March Madness, NCAA Division I’s Men’s Basketball Tournament has been canceled due to concerns over COVID-19. Many Paly students had been anticipating this tournament for months, including sophomore Roei Ziv.
“I was looking forward to it for so long, it really sucks it has to shut down,” Ziv said, “I’m disappointed.”
Every year for the past 50 years until now the NCAA provided brackets, places for fans to etch in their prediction of the winner. ESPN and Yahoo both offer their own bracket challenges, with rewards for those who make the correct guesses. And for the past seven years, Ziv has made his own.
“It adds another level of excitement to the tournaments I wouldn’t get otherwise,” Ziv said.
According to Ziv, his favorite part of March Madness is the upsets, when a low seeded, often smaller school, defeats a major basketball powerhouse. Even better, are the Cinderella stories, when an underdog school makes it all the way to the Sweet Sixteen, Final Four or even wins the tournament. And with a bracket, he has a chance at predicting all of this.
Paly basketball player and Junior Andrew Li were introduced to March Madness by Warren Buffet. The billionaire offered one billion dollars to anyone who predicted each and every game. While Li has never even come close to that prize money, he still looks forward to the third month of every year.
“I was excited about the upsets that could have happened in the first few rounds,” Li said, “Watching players from different conferences face off against each other would have been really interesting to watch.”
Junior Katie Cheng started making brackets in the third grade. Originally a Lakers fan, she began following college basketball after she and her dad made their first bracket. And she’s been making them ever since.
“When I first started, I had to make a Yahoo Sports account because that was the only place we could find a bracket,” Cheng said., “Now, they’re everywhere.”
Brian Wilson, a journalism teacher at Paly started making his brackets long before that, as a student in high school himself.
“I remember distinctly waiting for the newspaper edition that would come out the Monday after the selection show, a big, full-page, color bracket with all the team choices, and I would fill that out, pick my teams, and put it up on my wall,” Wilson said.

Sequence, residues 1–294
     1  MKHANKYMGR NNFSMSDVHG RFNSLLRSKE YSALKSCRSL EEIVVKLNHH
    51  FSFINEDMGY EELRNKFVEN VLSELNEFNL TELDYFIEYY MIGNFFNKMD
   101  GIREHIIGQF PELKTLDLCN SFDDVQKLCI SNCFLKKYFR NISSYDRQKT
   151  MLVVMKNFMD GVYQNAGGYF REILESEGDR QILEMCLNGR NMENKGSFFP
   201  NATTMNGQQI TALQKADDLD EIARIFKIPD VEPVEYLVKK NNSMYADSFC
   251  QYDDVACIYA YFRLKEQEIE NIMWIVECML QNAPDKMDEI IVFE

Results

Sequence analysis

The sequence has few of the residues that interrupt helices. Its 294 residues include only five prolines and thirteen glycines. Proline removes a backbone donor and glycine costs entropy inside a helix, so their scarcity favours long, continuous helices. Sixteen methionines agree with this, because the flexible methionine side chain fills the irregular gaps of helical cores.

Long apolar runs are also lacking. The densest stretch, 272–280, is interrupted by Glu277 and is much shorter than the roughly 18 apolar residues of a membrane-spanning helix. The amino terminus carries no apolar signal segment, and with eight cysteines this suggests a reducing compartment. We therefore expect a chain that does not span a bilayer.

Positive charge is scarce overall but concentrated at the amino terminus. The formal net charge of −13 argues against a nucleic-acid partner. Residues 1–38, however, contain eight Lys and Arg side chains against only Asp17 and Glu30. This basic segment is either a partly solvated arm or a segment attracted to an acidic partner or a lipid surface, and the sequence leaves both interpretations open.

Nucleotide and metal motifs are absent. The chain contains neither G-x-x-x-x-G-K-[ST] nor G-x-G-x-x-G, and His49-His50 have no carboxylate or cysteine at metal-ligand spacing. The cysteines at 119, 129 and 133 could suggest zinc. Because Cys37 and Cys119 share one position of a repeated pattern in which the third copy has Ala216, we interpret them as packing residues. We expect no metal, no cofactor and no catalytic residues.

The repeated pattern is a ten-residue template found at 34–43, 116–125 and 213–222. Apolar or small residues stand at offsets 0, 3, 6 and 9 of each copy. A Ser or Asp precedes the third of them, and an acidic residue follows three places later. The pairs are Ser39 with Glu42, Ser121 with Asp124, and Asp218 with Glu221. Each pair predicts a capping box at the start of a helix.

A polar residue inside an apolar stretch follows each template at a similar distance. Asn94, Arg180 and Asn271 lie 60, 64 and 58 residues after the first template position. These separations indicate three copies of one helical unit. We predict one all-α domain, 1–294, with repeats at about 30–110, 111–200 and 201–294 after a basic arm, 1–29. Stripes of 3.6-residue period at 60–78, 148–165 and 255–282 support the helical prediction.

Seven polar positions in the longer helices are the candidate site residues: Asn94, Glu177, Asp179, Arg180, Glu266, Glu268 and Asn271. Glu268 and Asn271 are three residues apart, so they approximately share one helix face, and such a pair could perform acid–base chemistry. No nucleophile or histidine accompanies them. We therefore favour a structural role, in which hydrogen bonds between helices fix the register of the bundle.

March Madness is also a place where fans can be introduced to new teams they have never seen before, as well as confirm long felt loyalties.
As a Michigan State graduate, Wilson watches virtually all of the team’s games. The Tournament, however, is an introduction to other college programs, he said.
Cheng follows Kansas, Duke and Kentucky, some of the most successful basketball regimes in the past century.
“It’s easier because they are always in the tournament so I can get to know the players year-to-year,” Cheng said.
Ziv takes the exact opposite approach.
“I always, always, route for the underdog,” Ziv said
However, March Madness is not only for the most avid college basketball fans.
“A lot of people who fill out brackets don’t know anything about college basketball, it’s the idea of the ‘luck of the draw that gets people to fill out brackets,” Wilson said.
Sometimes, groups of friends make brackets and compete against each other to get the most correct. For the last few years, Ziv has been making brackets with both his friends and family.
“It’s that idea of competitiveness that makes it interesting for me, going against your friends and taking risks,” Ziv said.
For Li, March Madness is sometimes even more interesting than the NBA.
“The single-elimination platform has a tendency of producing more unexpected results compared to the NBA,” Li said.
While it is extremely difficult to predict all or even most of the games, Cheng said it is too fun to stop.
Cheng said, “I know I’m never going to win, but I keep playing because it’s always super fun to pick the teams.”